Rheumatoid Arthritis 

Before I begin, just thought I’d let it be known that I spilt a patient’s cup of water over their table- again! Well, last time it was the entire jug, so I must be making progress…

That aside, I saw a patient with quite severe rheumatoid arthritis today. She was in for diarrhoea and vomiting.

She had very swollen joints, particularly her metacarpophalangeal joints. Distal interphalalangeal joints were spared. She had the classic Z shaped thumb and there was ulnar deviation of her fingers. Her knees were swollen and she had a valgus deformity, greater on the left. She had some vitiligo. Joints were very tender and it was painful for her to get out of bed to stand up.

Rheumatoid Arthritis

Definition: rheumatoid arthritis (RA) is a chronic symmetrical deforming poly-arthritis (joint inflammation), which is a systemic autoimmune disease associated with extra-articular involvement.

Aetiology/ risk factors: Cause unknown

-Risk factors: family history, HLA-DR4, HLA-DR1, prevalence higher in smokers


Epidemiology: affects 0.5-3% of the population worldwide

-peak prevalence 30-50 years

-3x more women affected pre-menopause and equal incidence after


-RA is characterised by synovitis- inflammation of the synovial lining of joints, tendon sheaths or bursae.

-There is an inflammatory process within the synovium, thought to be initiated by the activation of synovial T cells and involving inflammatory cell infiltration,  macrophage stimulation, cytokines, chemokines, autoantibody production and immune complex formation. There is also new synovial blood vessel generation and proliferation of the synovium, growing over the cartilage of joints, producing a mass called a pannus, which destroys the cartilage and the bone below (subchondral), producing bony erosions.

Image result for rheumatoid arthritis pannus


-typically insidious onset pain (less commonly: ‘explosive’-sudden onset of widespread arthritis, panlindromic- relapsing and remitting monoarthritis of different large joints- or systemic illness with few joint symptoms initially.)

-early morning stiffness lasting > 30 mins (following a football session in inappropriate footwear, my ankles hurt a lot on my walk to the tube station, more in the mornings than in the afternoons leading me to consider this diagnosis. Fortunately, the pain has since subsided)

-symmetrical swelling, pain and stiffness in the small joints of the hands and feet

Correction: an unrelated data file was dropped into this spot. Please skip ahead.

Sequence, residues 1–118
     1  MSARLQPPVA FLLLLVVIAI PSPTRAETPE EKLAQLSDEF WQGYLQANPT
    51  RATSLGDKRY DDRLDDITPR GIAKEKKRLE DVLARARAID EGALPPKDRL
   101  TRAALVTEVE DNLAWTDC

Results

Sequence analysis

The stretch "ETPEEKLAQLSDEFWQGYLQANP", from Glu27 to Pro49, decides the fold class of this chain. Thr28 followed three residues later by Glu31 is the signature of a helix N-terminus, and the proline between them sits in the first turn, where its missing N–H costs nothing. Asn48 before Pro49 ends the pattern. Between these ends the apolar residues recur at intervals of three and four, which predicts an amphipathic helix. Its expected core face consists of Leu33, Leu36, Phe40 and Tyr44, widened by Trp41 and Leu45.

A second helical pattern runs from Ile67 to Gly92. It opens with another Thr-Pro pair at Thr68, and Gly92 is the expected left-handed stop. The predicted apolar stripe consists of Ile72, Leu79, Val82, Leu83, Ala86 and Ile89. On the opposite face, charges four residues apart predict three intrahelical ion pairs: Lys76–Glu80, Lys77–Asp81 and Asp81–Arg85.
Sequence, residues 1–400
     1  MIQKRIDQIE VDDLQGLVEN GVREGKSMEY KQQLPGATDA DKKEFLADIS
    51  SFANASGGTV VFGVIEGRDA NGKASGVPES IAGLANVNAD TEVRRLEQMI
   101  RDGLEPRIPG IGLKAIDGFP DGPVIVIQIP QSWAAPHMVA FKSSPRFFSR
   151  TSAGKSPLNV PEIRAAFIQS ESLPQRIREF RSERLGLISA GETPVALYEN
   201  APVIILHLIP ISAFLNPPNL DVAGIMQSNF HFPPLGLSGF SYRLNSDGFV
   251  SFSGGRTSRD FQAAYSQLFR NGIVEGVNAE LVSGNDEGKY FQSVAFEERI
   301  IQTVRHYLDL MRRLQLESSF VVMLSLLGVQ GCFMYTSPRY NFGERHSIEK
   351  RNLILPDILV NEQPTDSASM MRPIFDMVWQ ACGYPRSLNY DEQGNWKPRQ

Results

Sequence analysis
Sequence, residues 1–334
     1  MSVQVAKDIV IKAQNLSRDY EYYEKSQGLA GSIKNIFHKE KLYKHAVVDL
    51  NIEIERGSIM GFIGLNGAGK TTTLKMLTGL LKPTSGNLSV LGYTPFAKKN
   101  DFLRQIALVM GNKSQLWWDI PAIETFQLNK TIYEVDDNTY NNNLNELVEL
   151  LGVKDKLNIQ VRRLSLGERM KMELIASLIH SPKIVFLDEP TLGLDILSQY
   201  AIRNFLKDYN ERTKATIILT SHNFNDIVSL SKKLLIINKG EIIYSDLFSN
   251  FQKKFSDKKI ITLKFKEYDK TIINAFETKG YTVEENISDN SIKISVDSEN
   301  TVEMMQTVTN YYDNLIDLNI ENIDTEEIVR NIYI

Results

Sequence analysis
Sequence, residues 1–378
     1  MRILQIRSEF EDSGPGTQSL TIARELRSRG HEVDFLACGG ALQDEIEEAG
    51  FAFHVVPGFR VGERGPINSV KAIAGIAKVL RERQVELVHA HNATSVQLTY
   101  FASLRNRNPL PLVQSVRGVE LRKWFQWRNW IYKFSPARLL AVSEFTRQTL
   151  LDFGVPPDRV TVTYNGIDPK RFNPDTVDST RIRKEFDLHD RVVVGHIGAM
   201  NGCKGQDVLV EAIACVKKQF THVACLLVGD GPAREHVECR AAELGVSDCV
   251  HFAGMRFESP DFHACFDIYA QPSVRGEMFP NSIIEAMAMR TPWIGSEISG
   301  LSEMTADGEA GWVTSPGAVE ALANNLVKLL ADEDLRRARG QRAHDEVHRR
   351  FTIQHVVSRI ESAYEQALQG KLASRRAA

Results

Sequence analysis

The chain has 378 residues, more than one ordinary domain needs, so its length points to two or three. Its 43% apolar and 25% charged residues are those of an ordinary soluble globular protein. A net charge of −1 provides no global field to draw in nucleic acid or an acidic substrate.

-Extra-articular: fever, fatigue, weight loss (less common)



-warm, tender joints and reduction in range of movement
-spindling of fingers caused by swelling of the proximal but not distal interphalangeal joints. Metacarpo-phalangeal and wrist joints are also swollen.

eventually many joins are involved, iImage result for hand deformities in rheumatoid arthritisncluding: wrists, elbows, shoulders, cervical spine, knees, ankles, feet. Thoracic and lumbar spine are not involved.

-joint effusions and wasting of muscles around the affected joints are early features

-as disease progresses: weakening of joint capsules ⇒ joint instability ⇒ subluxation (partial dislocation) ⇒ deformity

-characteristic hand deformities: ulnar deviation of fingers (MCP joint subluxation) Z thumb, swan neck deformity, Boutonnière’s deformity,  (these tend to occur in late RA, if not controlled properly), radial deviation of wrist


-Extra-articular manifestations:




-subcutaneous nodules (20% cases)

-usually over pressure points, typically extensor surface of ulna, finger joints, Achilles tendon. Patients with nodules are usually seropositive (i.e. have circulating rheumatoid factor)   -can occur in lungs

-Carpal tunnel syndrome


-Secondary Sjögren’s syndrome (autoimmune disease of moisture producing glands = dry mouth and eyes)

-Anaemia, thrombocytosis

And many more random, less common manifestations across the body, including: vasculitis, fibrosing alveolitis, pleural and pericardial effusion, Raynaud’s, peripheral nephropathy, amyloidosis, etc.

   -There is increased risk of infection, osteoporosis, cardiovascular disease


-RA diagnosis usually made clinically.

Bloods: normochromic, normocytic anaemia (of chronic disease) and thrombocytosis.

ESR and CRP raised in proportion to activity of the inflammatory process.

Serum antibodies: 

-Anti-citrulline-containing peptide (anti-CCP)- high specificity- 98%- and sensitivity for RA

-Rheumatoid factor– +ve in 70%,  not specific, occurs in connective tissue diseases & some infection

-Antinuclear antibody- +ve in 30%

Radiology- affected joints show soft tissue swelling in early disease and later joint narrowing, erosions at the joint margins and porosis of periarticular bone and cysts, and may have subluxation or complete carpal destruction

Synovial fluid- sterile with high neutrophil count (joint aspiration to exclude septic arthritis acutely)

References: Kumar & Clark’s, Cheese and onion, Rapid Medicine

PS: I had a look in her notes, and it turns out she has ‘seronegative non-erosive arthropathy’, though when we asked her, she said she had RA. Rheumatology is a bit confusing in that rather than specific diseases, there is a sort of spectrum, with diseases bleeding into each other. She definitely had classic RA hands.


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